Ever since I was a little girl I’ve sat wide-eyed and reverent in front of cinema screens. You’ll never hear the words “It’s just a movie, in real life that would never happen” pass my lips. Mai. If you should so much as utter “Ah, but this is the Hollywood version of Italy” I would look at you so wounded that we’d probably have to stop being friends. So transported am I by the silver screen and with a perspective as forgiving as a girl in first flushes of love when it comes to films set in Italy, that it was only inevitable that cinema rest as the culprit behind my decision to move here. Sure, I tell people I wanted to make this travel/cooking TV show I’m filming at the moment. Other days I let them think it was a boy I met on a summer holiday who enticed me. But the truth lies somewhere between shamefully evocative romcoms and stylistically avant-garde neo-realist cinema. Thank you both to Italian directors and foreign filmmakers inspired to shoot here. None of you lied. This country, this quintessential film set, is equally as sensual and cinematic when the camera stops rolling.
I have seen una marea of films set in Italy, but here are some of the ones that moved me most (and I use this term loosely, as in… Monica Vitti often ‘moves’ me to cut my hair short into a bob… until I realise I haven’t got her lips to pull it off)…
Dramma della Gelosia
Outside of Italy we have this view of Italian actresses as being sex symbols and little more. This was the first film I saw when I realised that luscious women like Monica Vitti could be hilarious and beautiful at the same time – a deadly combination. Of course Marcello Mastroianni is wonderful in this too and their chemistry is off the hook!
The Talented Mr Ripley
The clothes, the locations, the era. Between the cinched waists and pastel scarves worn by Gwyneth Paltrow’s character Marge, the pianobar scene where they play jazz and sing Tu Vuò Fa L’Americano and the entire premise of pretty young creative things running away from society to live like cultured trust fund nomads in the sexiest towns in Italy while writing books and composing music and making love – this is about as aspirational as it gets for me.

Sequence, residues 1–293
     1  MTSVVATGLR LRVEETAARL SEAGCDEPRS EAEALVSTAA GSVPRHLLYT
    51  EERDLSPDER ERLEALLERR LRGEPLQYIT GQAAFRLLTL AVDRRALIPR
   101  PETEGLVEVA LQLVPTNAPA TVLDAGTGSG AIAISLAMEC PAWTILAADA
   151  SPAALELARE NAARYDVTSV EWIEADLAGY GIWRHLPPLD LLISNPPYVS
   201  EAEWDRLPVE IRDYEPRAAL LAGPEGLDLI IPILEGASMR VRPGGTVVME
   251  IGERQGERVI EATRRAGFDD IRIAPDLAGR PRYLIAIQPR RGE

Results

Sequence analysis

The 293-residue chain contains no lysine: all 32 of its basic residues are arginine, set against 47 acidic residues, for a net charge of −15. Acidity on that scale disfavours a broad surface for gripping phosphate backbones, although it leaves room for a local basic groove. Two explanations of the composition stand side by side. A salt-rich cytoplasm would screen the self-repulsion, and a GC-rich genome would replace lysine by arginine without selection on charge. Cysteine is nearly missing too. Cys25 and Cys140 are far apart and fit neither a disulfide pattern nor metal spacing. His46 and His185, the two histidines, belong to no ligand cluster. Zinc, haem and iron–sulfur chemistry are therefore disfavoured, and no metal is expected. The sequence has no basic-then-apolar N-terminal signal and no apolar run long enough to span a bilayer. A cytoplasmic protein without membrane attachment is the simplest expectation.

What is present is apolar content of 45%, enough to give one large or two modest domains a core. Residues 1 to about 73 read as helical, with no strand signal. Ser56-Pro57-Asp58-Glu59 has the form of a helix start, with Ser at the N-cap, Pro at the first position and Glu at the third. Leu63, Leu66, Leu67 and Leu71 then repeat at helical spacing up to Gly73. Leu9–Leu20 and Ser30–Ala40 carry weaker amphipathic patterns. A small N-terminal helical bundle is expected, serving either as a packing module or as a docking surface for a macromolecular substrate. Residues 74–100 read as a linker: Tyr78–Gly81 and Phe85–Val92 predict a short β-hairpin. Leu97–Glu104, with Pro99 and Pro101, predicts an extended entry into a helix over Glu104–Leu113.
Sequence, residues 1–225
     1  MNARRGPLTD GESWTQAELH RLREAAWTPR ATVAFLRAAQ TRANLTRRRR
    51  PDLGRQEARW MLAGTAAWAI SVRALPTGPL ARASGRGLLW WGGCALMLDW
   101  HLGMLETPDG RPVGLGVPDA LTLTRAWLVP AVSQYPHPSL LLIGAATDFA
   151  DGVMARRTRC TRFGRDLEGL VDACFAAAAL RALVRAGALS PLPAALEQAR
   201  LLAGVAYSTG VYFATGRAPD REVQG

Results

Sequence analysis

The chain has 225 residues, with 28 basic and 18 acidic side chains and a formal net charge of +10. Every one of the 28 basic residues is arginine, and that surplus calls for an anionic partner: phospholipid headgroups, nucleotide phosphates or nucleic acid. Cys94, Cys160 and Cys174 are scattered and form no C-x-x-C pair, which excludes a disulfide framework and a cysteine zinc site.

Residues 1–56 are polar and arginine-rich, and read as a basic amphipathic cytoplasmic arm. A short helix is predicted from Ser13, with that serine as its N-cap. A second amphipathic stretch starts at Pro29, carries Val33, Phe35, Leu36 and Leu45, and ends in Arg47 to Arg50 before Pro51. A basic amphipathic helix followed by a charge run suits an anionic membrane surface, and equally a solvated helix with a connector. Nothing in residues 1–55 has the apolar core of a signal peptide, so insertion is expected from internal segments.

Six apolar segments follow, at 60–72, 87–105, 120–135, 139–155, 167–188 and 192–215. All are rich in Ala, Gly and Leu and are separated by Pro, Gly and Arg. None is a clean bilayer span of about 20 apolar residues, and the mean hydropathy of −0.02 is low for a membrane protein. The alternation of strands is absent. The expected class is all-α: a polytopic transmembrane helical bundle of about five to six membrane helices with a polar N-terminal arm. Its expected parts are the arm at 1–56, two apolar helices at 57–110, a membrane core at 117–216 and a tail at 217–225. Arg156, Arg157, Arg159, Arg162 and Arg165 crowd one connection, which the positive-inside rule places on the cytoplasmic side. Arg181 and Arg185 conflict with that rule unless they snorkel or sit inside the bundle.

So I can also do a little bit of reality. This more contemporary story about a British father and his two daughters who move to this Northern Italian town had me entranced and I would have to say director Michael Winterbottom managed to capture the eery and intoxicating beauty of Italian alleyways like no other I’ve ever seen.
Ieri, Oggi, Domani
I can’t explain the love I feel for this film. With Sophia Loren and Marcello Mastroianni in three independent stories set in Naples, Rome and North Italy, there is a beautiful and irreverent cross-section of Italy. The moment I got my first terrazza rooftop and started watering plants in my lingerie with a view over the domes and terracotta rooftops of Roma it was hard not to fantasize about being a hooker with a heart of gold (and an apartment with a view over Piazza Navona). Watch the film, you’ll want to be a prostituta too. (Or barefoot and pregnant in a jail in Naples!)
Le Notti Bianche
Slower, more intimate, more moody. This black and white film by the great Visconti shows a much more subtle Mastroianni and deals with themes of loneliness and love between strangers. I believe it was shot entirely at Cinecitta’ and it stayed with me for a while because the temptation to fall into conversation with a stranger crossing a bridge late at night when you’re a foreigner in town and aching for affection is a timeless theme any expat can relate to.